IMA building reimagined

Rev. J. C. Pritchett, senior pastor of Faith Church


ST. PETERSBURG – “This building is a gift from our elders for our community,” said Rev. J. C. Pritchett, senior pastor of Faith Church. “What we want to do is to bring it back to life.”

In the blazing Florida sun, a small group gathered last Saturday to witness the rededication of the empty building that stands along the 29th block of First Avenue South.

With some reimaging, the building will soon be used as a collaborative workspace for different organizations in the community.

Collaborative workspaces have been popular around the county for more than a decade. They offer space in prime locations that are usually out of range for small organizations and businesses.

Thirty years ago, the Interdenominational Ministerial Alliance of St. Petersburg (IMA) was able to purchase the building for $1 with a grant made possible by former Mayor David Fisher.

Over the last 30 years, the 3,000 square-foot building has been a place for tutoring, a food pantry and a space where people in need could get clothes. However, over the past five years the two-story building has sat empty.

With Pritchett coming on board as president of the IMA eight months ago, the group decided once again to make the building an institution that people can look to for change in the community.

He hopes that when all races and religious denominations drive down First Avenue South they will catch a glimpse of the interfaith ministry, both what they have accomplished in the past and where they plan to go in the future.

Pinellas County School Board Chair Rene Flowers has a lifetime of history in the area. An advocate for the African-American community, Flowers tirelessly works to not only educate other races about the plight of black people who worked to make the city what it is today but the children and young adults living on the south side who may not know the history.

“Our students need to know where they come from and they need to know that there is pride in this community,” said Flowers. “They need to know that you can make a mistake, but you can get back up again.”

Each year before the start of school, Flowers and her team take first-time teachers working in south St. Pete schools and those with a bad impression of the area, on a tour where they stop at and converse about the historic buildings, the accomplishments made and the people who lived there. She plans to make the IMA building a stop on the tour.

The IMA is famous for its ability to put the differences in their religions aside to support and positively contribute to making the community great.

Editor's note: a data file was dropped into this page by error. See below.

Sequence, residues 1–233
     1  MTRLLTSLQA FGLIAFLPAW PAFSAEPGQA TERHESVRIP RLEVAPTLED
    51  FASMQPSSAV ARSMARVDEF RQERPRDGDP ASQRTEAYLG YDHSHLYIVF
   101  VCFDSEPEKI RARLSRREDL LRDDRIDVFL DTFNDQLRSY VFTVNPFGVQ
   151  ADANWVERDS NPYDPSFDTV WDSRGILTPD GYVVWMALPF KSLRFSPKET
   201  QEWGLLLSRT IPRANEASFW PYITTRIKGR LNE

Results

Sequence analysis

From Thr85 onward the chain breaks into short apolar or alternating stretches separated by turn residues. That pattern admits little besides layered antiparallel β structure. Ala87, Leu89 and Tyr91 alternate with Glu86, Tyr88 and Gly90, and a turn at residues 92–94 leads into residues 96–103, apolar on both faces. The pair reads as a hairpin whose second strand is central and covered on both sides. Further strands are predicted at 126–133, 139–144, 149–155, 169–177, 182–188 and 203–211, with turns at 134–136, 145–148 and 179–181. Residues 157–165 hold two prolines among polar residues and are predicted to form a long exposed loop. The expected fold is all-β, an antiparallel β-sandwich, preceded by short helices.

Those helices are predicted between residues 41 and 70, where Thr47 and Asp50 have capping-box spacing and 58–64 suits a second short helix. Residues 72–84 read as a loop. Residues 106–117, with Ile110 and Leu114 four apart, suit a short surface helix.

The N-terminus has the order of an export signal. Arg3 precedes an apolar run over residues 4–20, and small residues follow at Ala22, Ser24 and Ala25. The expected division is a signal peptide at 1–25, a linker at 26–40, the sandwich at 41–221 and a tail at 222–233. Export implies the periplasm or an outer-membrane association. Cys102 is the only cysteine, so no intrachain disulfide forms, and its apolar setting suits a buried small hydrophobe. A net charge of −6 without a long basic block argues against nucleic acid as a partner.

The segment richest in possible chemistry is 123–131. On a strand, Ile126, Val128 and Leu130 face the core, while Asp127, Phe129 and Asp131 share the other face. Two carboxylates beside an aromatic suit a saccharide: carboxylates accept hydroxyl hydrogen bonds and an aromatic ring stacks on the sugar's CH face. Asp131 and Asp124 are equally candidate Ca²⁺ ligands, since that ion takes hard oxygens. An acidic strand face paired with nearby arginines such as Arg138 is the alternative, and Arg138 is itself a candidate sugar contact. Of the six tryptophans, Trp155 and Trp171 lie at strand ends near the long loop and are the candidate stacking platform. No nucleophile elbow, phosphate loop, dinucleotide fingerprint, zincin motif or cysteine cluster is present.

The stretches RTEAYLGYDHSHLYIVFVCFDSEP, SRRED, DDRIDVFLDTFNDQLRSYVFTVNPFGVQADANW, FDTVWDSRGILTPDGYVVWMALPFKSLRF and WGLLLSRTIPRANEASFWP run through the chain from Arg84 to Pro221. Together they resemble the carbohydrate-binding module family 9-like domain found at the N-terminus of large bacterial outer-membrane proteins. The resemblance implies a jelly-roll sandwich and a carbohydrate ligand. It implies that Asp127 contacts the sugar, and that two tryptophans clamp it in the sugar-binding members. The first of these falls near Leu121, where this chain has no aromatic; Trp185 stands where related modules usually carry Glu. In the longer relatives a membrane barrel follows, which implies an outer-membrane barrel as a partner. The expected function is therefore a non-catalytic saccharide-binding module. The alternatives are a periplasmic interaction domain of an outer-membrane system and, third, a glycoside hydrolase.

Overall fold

“While we may worship in different ways, we are all committed to making our community a place where every single person is valued, honored, treated with dignity and given their basic human rights,” said Rev. Kim Wells, senior pastor at Lakewood United Church of Christ.

Wells was recently added to the IMA board and hopes that their movement to promote social justice in St. Petersburg will raise self-determination and encourage all to enjoy the goodness in life.

Inspired by the collaborative efforts of many, Wells and the other members of the board hope to create awareness of what can be accomplished when people of faith join with those who express their faith in alternate ways.

“We feel it is important for the community to see faith is not something monolithic when it comes to our beliefs and our expression, but is monolithic when it comes to justice and compassion,” said Wells.

Rev. Clarence Williams of Greater Mt. Zion A.M.E. believes community and ministry are an enterprise that carries with it meaningful and difficult tasks that require tedious and sometimes painful sweat equity. He sees the rededication of the IMA building as a communion with faith-based stakeholders that should stimulate growth and produce resources regardless of whether there are funds to make it happen.

“It’s going to require a unified mindset to understand the purpose and help make the purpose become a realization,” he said. “With all of the obstacles and challenges that you have, if you have to beg…borrow, don’t steal, but get whatever you need and God will do the rest.”

Senator Darryl Rouson knows of the IMA’s history of involvement that moves beyond the private pew of prayer to the public arena of action. He challenges the community of today to follow suit.

“If we’ve ever needed prayer before or the involvement of faith communities in social justice we need it now,” said Rouson, who advocates for acting with equality, fairness and dignity to all human beings.

The IMA building will undergo renovations, replacing doors, floors, paint, plumbing and other areas that need attention. Various organizations have already signed up to operate out of the building such as the African American Heritage Trail and the Legacy Center for Social Justice. Their doors are open to all organizations that work to affect change in the community.

Yearly membership for the clergy is $50, and all donations are accepted from the community.

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